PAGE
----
This research and the field deployment system are funded through a collaborative grant from the National Science Foundation Cyber Physical Systems program. SRF Consulting is the industrial partner to help design the sensor network and evaluate the system.

About those roundabouts

One of my unofficial duties as a MnDOT employee is to respond to a near-constant barrage of opinions from my family and friends regarding the condition of our state’s roadways. (My wife, for example, half-jokingly tries to ascribe personal responsibility to me for the congestion she faces on her morning commute.) Interestingly, one of the issues that gets brought up to me most often in private conversations is roundabouts — the circular intersections that are widely praised by engineers but often vilified by a skeptical public.

From a public interest perspective, the verdict on roundabouts is overwhelmingly positive. With very few exceptions, roundabouts have been shown to dramatically reduce both the frequency and seriousness of traffic accidents when compared to other types of intersections. One oft-cited source, the National Insurance Institute for Highway Safety, reports that U.S. intersections converted to roundabouts have experienced a 35-47 percent decrease in crashes and an 72-80 percent decrease in injury crashes (source here). Moreover, because the don’t have stop signs or traffic lights, roundabouts have been found to reduce traffic delays and pollution.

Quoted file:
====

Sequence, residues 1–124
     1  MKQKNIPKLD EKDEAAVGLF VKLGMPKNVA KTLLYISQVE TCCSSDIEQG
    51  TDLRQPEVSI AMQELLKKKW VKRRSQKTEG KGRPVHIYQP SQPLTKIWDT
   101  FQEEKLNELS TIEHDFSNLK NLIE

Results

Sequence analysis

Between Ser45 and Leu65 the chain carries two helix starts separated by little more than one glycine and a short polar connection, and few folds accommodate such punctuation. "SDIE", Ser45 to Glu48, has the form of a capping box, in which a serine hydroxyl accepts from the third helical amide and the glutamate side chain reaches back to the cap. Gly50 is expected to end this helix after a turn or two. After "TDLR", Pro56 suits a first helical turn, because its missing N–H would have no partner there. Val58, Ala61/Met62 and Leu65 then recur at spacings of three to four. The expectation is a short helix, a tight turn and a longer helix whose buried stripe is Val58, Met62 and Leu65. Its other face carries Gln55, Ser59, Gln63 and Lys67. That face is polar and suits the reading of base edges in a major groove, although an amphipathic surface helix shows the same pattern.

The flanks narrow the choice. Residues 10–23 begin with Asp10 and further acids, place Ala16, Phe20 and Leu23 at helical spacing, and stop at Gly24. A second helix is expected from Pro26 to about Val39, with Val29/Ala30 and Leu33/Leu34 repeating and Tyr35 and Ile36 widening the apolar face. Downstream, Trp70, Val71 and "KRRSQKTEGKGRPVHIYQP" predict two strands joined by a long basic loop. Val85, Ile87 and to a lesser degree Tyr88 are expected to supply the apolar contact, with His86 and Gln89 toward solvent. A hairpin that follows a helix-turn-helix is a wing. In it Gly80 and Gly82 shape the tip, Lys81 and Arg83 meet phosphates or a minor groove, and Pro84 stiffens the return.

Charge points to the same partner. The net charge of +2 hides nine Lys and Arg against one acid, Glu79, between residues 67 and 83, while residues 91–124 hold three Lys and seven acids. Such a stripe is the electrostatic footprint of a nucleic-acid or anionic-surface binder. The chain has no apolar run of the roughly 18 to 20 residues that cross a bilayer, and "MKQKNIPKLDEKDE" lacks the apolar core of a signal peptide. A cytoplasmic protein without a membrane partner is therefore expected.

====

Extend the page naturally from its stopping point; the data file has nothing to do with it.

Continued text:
Perhaps not surprisingly, research on these potential benefits has precipitated a rash of roundabout construction. In Minnesota alone, 115 have already been built, with another 39 either planned or under construction, according to the Pioneer Press. Love them or hate them, roundabouts are becoming a fact of life here.

Of course, not everyone loves them. In spite of their stellar  record, roundabouts remain something of a political lightning rod. This article in the Mankato Free Press and this news segment from KSTP provide typical examples of the kind of skepticism officials face when proposing to put in a roundabout. The problem is persistent enough that many officials see a need to develop a public relations game plan. On June 19, the Transportation Research Board is offering a free webinar entitled “Community Outreach: Successful Outcomes for Roundabout Implementation,” designed to help transportation professionals understand and respond to political opposition to roundabouts. It’s free for employees of TRB sponsor organizations (including MnDOT); a $99 registration fee is required for employees of non-sponsors.

For those who are unfamiliar with roundabouts, there are some good resources designed to help people understand their purpose and benefits. Several years ago, the Local Road Research Board produced the video above (along with an accompanying brochure). MnDOT also has a resource page devoted to explaining the use of roundabouts.

Those with more than a passing interest in the subject might also want to check out these recent MnDOT/LRRB-sponsored studies:

U of M transportation research highlights video

U of M transportation research highlights during 2012-2013 include a smartphone app for visually impaired pedestrians, pedestrian and bicyclist safety in roundabouts, methods for counting bike and pedestrian traffic on trails, and a filter that takes phosphorous out of storm water.